Dancers in traditional costume in Borneo

Social situation Regional disparities not yet overcome

Indonesia is made up of more than 17,000 islands, at least 6,000 of which are inhabited. Notwithstanding the fact that, generally, developments in the past few years have been positive, there are still considerable disparities between the different regions of Indonesia. Java, the central island, is the political and economic hub of the Indonesian archipelago.

In the past, there has been little investment on the other islands in infrastructure, education or basic social protection. However, during the last ten years that has changed, although the differences in development are far from having been eradicated.

The current government is able to show that it has achieved considerable progress all over the country, especially in terms of reducing poverty and in the health and education sectors. However, compared with other countries in the region, and with other G20 members, Indonesia still shows development deficits. Child mortality, for example, is 24 per 1,000 births, making it almost three times as high as in neighbouring Malaysia (8.6 per 1,000 births). One in every three Indonesian children under the age of five is malnourished.

According to World Bank figures, some ten per cent of Indonesia’s population was living in poverty in 2019; this had still been 20 per cent in 2000. However, estimates suggest that about one quarter of the country’s inhabitants are only just above the national poverty line. According to the World Bank, the COVID-19 pandemic has plunged many people back into poverty.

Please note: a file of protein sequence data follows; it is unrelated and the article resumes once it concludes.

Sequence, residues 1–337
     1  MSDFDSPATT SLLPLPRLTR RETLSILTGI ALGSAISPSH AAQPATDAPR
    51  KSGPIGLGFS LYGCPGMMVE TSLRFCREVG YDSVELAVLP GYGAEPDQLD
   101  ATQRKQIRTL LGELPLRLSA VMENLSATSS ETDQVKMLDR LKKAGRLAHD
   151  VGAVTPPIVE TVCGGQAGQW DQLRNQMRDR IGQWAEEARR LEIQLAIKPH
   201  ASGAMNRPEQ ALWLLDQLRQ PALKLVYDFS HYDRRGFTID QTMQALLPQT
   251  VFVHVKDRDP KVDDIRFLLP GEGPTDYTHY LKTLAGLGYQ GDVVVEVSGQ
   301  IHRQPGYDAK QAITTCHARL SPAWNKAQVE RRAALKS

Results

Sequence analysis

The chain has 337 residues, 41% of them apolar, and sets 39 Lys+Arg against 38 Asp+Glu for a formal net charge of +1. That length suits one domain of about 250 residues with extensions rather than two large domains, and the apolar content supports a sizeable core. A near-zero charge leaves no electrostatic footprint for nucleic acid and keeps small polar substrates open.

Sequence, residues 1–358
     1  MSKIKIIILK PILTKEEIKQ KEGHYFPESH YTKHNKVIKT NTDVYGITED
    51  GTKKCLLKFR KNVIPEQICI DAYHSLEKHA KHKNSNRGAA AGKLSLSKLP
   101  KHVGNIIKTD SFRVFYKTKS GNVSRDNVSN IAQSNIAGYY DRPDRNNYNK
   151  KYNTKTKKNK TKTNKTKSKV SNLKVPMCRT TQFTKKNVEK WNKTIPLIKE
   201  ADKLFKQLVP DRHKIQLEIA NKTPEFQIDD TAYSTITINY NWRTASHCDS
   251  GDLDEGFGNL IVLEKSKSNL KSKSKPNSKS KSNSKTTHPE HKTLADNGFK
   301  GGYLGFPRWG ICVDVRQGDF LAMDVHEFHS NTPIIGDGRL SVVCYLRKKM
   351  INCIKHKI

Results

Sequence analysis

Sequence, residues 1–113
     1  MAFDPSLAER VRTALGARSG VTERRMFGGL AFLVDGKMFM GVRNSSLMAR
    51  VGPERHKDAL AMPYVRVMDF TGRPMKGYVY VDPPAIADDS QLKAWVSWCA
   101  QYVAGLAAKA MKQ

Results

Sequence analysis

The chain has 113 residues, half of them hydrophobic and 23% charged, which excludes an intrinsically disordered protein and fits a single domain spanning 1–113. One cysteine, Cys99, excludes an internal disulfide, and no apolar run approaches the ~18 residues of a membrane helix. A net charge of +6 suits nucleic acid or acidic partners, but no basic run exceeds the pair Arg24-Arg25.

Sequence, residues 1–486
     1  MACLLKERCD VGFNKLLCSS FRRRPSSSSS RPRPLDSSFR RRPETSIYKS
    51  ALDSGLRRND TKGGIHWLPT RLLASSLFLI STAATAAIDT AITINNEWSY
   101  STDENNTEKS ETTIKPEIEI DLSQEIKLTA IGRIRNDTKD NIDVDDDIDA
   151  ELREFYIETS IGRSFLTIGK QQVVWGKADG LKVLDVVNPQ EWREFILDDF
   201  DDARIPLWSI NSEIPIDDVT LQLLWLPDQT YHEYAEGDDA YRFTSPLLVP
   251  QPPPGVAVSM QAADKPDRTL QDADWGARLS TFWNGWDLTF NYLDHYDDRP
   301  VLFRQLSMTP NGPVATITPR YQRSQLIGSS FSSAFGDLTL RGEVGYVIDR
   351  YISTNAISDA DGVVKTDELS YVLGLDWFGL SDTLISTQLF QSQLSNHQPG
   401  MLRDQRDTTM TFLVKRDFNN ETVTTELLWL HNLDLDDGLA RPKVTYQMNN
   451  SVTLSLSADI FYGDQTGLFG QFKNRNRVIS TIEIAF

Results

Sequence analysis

The current Human Development Index (HDI) ranks Indonesia 114th out of 191 countries.

Women reading and interpreting the Koran in the Istiqlal Mosque in Jakarta, Indonesia

Women reading and interpreting the Koran in the Istiqlal Mosque in Jakarta, Indonesia

Women reading and interpreting the Koran in the Istiqlal Mosque in Jakarta, Indonesia

The role of religious communities

With almost 90 per cent of Indonesian people adhering to Islam, Indonesia is home to the largest Islamic community in the world.

Indonesia’s constitution guarantees freedom of religion within the scope of six officially recognised religions (Islam, Buddhism, Protestant and Catholic Christianity, Confucianism and Hinduism). However, shortcomings in the protection of minority groups and in the rule of law mean that, in some regions, persons belonging to religious minorities frequently experience disadvantages and even face threats and violence from Islamist groups.

The government is expressly committed to the moderate form of Islam that has traditionally been practised in the country. It has been fighting Islamist terrorism with determination. Large sections of civil society, too, are actively fighting the tendency towards Islamisation of society and growing religious intolerance.